The game traces its origins to a 1994 Sega Genesis game called “ToeJam & Earl.” Simple enough. I suppose the novelty is that whether it is a solo team or a small team, an indie-developed video game is always a novelty when it becomes really popular. And de facto, the fact that it is indie. This is my suspicion at least.
I’ve been mining the Gamefly indie genre listings for some new games lately. My gameplay is sort of different that a traditional gamer. I play around 30 minutes to an hour of gameplay a night. And generally, a new game every night, although sometimes I go beyond. Maybe not totally different, but for me a habit that has definitely become rewarding.
Around a couple of weeks ago, I was playing a game called Super Indie Karts, which is a kart racing game featuring indie game characters. Incidentally, two classic indie game characters showed up in that game named ToeJam & Earl. I’d heard their names before, but I didn’t really know much about them.
So, when I saw ToeJam and Earl on GameFly. I ordered it.
ToeJam and Earl Who Are These Funky Dudes?
ToeJam and Earl are two friends who visit Earth from another planet. When they try to blast some funky music from their spaceship, Earl accidentally sucks the entire Earth and themselves into a black hole. Their ship and the planet are left in shambles. Thankfully, as these characters, you can traverse the floating islands of exponentially bizarre inhabitants to collect pieces flung from your ship. Collect items to rebuild your ship and head from there.
The description says this game is multiplayer or online optimized. I pretty much never play games that way, so I decided to select the character ToeJam as a single player. I played this on the Switch, so it’s possible, but I do not know if the online multiplayer works, I did not try it. You can also play local co-op
The floating islands are filled with all sorts of food, mythical characters, archetypes, stereotypes, and machines. I sincerely had no clue what was happening, but I did narrow down on my own where the ship parts were, well, most of them.
I like the art in this game, it’s totally a blast from the past 90’s Rocko’s Modern Life graffiti aesthetics. Don’t worry though, as if you would, it’s all been cleaned up quite nicely for the contemporary release. This game is totally polished.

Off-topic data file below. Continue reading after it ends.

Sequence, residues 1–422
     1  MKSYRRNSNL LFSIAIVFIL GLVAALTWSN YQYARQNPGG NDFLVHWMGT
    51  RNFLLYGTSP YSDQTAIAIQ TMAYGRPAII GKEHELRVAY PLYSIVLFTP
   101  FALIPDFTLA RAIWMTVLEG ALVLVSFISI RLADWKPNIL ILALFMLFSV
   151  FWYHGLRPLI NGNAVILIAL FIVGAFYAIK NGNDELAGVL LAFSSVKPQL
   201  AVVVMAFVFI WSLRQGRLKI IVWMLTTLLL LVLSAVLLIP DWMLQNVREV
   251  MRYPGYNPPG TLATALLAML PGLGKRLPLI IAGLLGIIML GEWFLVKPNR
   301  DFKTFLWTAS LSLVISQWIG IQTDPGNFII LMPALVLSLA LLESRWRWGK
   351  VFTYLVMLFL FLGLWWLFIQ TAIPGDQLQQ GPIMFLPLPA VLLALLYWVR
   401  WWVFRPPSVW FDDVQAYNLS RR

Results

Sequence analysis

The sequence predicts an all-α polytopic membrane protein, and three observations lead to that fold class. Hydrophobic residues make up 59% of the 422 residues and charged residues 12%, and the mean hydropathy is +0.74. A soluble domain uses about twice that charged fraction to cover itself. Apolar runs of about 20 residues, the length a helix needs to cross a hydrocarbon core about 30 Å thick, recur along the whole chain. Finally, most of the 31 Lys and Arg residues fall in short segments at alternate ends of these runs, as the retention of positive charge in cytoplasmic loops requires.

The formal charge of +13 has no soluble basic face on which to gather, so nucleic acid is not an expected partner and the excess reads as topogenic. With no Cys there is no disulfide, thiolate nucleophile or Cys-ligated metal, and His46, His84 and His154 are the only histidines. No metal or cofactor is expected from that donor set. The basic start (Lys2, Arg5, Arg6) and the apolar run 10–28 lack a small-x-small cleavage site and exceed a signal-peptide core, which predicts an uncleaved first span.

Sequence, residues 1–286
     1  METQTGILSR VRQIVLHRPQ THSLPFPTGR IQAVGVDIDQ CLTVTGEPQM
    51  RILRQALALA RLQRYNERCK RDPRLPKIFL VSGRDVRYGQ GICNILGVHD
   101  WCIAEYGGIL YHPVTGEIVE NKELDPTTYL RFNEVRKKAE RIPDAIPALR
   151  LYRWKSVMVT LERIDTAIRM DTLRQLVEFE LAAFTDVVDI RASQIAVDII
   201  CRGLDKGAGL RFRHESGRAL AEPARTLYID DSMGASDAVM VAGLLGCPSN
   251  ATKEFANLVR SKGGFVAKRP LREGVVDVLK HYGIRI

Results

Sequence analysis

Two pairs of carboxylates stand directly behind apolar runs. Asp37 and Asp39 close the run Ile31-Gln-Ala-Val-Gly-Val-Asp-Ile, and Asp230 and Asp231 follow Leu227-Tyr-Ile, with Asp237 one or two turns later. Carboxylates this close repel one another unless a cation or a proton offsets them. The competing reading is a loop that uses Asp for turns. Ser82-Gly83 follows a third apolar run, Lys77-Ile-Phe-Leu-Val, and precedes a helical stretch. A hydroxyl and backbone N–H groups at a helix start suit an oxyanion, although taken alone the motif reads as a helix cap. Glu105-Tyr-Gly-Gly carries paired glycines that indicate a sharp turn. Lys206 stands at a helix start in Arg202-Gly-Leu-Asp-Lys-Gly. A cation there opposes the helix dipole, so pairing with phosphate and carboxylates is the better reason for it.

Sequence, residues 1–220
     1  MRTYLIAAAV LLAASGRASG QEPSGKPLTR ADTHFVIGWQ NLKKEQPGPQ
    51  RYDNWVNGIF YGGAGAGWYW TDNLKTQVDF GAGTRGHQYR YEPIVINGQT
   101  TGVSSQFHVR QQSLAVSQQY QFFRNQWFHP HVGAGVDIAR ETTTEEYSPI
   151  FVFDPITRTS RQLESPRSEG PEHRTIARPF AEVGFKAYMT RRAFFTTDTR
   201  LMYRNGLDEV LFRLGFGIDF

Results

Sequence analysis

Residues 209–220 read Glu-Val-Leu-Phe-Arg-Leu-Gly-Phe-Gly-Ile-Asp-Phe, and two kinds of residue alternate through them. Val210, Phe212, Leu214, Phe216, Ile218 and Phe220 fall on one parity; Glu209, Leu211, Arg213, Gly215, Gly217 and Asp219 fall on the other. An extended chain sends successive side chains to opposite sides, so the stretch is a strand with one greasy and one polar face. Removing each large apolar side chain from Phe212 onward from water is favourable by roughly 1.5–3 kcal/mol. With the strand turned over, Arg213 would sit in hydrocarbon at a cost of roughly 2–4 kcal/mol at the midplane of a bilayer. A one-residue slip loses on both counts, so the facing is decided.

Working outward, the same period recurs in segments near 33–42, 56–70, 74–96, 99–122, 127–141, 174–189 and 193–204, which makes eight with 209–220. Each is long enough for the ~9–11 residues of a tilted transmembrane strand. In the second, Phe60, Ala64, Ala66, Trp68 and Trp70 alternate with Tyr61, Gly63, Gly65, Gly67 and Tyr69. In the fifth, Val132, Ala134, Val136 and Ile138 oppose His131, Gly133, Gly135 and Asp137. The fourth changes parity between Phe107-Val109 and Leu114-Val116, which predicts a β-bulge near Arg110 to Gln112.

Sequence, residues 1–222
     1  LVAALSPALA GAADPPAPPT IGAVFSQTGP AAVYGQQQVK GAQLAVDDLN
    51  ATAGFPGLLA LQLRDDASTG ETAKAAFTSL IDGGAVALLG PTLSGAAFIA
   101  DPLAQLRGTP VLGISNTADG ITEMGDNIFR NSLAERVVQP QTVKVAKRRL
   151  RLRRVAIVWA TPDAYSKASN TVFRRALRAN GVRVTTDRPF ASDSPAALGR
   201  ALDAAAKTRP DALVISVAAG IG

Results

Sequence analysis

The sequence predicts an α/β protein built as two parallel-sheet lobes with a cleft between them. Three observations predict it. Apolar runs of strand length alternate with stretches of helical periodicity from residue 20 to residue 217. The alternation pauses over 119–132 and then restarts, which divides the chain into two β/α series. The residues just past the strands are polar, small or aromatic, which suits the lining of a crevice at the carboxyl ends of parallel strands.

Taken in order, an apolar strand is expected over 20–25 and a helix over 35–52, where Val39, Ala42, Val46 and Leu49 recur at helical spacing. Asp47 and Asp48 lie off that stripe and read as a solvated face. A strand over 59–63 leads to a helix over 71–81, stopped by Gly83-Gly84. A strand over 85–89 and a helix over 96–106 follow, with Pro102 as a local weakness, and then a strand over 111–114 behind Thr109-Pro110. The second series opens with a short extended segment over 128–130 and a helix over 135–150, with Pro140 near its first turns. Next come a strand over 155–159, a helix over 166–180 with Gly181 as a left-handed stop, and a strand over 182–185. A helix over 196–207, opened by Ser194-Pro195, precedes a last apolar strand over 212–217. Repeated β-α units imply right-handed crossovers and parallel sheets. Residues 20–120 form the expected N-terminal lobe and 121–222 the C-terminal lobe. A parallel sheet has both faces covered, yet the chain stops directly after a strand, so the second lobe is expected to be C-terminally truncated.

I sort of feel like this game may exist mostly in the realm of novelty. Having never owned a sega genesis, I don’t know if it would have passed through my prism or not.
I did take a look at some screenshots from the original, and I sort of saw what they were doing in here. It’s basically the original with substantially less janky graphics and more RAM. So stuff, instead of here and there, is simply everywhere. Incidentally, I’ve been obsessing over pixel art since this morning, so got thrown through the wringer with this, but it was fun enough that I was receptive.
Another thing, the characters have hilarious lines. Everything is voice narrated, so you get to hear some pretty funny stuff. These are some hip-hop-wise extraterrestrials, plain and simple.
An Excellent Homage
Some have noted that the original sequel had a ton more content, but this is a nice homage to the original. And for the gameplay, it’s not infinite but it’s a game you can just keep trying things and moving around when you feel like playing as one of these out-of-this-world characters.
P.S. If you want to see ToeJam & Early back at it in Indie Super Karts, I wrote a whole article about it here: Super Indie Karts: Toe Jam and Earl Race in Early Access
And as always, thanks for reading MrDavePizza.com.